Greek real estate rivals Italy and Spain for foreign investors

Greek real estate

The Greek real estate market is at the centre of interest among European buyers looking to acquire a second home in the country, rivaling traditional Mediterranean hotspots like Italy and Spain.

According to Giorgos Gavriilidis, CEO and founder of Elxis - At Home in Greece, demand for a second home in Greece from foreign buyers looks to be stable.

“Investor interest from countries, such as the Netherlands, Germany and Belgium, remains strong, focusing on Crete and the Ionian islands,” Gravriilidis told AMNA.

"This is keeping prices high as inflationary pressures drive construction costs upwards in a trend seen continuing this year.

"We expect prices to advance by about 10 percent in 2022 despite the uncertain conditions."

At the same time, he added, we are seeing a significant shift to quality as investors want to reduce risks, encouraged by Greece’s improved economic profile.

Indicative of this is that in 2019, a typical three-bedroom villa at the Ionian coast would be offered at 265,000 euros, whereas this figure jumped to 330,000 euros in 2021.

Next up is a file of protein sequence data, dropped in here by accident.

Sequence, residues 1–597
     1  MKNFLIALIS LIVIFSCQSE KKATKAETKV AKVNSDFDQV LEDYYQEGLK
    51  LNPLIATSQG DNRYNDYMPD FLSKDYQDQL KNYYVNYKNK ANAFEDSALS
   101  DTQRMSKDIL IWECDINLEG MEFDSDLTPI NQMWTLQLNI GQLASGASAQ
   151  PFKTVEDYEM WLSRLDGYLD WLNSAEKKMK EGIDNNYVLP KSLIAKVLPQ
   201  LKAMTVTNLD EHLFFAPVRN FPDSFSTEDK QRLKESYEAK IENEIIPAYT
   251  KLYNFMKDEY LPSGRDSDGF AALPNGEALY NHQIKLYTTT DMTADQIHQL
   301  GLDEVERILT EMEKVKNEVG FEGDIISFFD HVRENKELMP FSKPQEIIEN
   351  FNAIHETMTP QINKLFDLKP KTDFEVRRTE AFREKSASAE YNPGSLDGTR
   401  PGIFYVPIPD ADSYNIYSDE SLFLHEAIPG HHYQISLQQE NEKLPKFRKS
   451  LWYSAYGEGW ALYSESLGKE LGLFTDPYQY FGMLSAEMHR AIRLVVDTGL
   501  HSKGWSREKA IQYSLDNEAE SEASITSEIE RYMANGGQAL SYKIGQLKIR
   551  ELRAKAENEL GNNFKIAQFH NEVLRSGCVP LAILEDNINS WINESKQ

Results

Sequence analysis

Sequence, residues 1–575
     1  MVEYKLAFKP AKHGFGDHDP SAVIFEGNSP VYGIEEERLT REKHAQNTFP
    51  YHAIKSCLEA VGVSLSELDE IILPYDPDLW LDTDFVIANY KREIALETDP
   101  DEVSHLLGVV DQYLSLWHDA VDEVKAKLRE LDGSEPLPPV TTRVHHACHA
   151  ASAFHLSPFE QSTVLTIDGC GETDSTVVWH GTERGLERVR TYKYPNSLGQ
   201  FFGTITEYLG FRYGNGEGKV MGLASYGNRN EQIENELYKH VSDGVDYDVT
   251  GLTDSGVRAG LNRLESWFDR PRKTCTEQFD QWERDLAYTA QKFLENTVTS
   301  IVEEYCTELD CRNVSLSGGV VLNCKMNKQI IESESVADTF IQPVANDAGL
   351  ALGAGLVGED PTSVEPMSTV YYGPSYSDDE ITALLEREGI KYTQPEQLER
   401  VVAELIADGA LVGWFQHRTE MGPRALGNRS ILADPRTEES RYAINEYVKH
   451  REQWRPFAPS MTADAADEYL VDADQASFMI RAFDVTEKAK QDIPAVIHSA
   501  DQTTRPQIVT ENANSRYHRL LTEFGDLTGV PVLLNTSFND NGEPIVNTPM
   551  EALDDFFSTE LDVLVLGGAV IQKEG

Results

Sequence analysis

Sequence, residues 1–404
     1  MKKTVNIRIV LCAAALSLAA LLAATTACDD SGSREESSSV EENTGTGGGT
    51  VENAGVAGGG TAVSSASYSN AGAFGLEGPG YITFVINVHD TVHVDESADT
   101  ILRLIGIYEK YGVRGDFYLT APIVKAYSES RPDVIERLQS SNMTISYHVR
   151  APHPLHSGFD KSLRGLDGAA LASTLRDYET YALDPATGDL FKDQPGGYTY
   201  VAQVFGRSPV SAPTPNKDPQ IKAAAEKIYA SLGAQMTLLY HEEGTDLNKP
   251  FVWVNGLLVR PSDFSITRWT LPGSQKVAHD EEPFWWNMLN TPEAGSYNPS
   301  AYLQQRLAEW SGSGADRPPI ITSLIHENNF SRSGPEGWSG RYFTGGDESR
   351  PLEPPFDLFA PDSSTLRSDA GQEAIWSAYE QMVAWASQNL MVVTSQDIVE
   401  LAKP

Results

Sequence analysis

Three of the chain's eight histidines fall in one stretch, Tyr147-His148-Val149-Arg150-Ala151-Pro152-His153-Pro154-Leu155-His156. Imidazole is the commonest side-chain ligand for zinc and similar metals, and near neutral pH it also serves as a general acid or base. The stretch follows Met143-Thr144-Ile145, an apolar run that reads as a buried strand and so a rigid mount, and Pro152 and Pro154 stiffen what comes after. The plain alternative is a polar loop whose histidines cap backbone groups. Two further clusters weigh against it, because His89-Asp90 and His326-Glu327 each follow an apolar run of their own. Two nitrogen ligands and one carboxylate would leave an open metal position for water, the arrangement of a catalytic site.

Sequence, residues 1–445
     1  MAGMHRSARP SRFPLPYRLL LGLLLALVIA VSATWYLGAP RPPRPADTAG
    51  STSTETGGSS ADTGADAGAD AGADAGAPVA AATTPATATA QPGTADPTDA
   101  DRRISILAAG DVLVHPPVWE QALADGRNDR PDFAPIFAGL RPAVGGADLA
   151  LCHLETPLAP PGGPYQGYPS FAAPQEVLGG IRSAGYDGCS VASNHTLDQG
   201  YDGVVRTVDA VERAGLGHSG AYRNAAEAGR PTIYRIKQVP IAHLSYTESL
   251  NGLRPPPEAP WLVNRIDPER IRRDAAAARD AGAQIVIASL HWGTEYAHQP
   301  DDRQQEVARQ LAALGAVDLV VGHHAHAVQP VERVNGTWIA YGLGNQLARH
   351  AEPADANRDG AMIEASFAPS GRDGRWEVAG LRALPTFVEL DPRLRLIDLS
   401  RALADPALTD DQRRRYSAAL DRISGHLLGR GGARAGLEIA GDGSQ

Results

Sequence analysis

Buyers increasingly view Greek real estate as a safe haven investment with improving prospects, he highlights.

Key infrastructure projects are improving accessibility in a market where prices are rising but remain lower than elsewhere in Europe. Investors have shown a vote of confidence in Greek real estate, which is now rivalling countries like Spain and Italy, points out the CEO.

At a second home fair in which Elxis participated last month in Utrecht, it was evident that Greece has become a 'hot’ destination for home buyers, highlighted Gavriilidis.

He added that Elxis is moving ahead by investing heavily in human resources, new technologies, innovation and sustainable properties.

"In addition to Thessaloniki and Utrecht, we recently set up new offices in Crete, best positioning the company to serve our global clients and create maximum value," he said.

READ MORE: Greek inflation rate rises to 8.9% in March, up from 7.2% in February.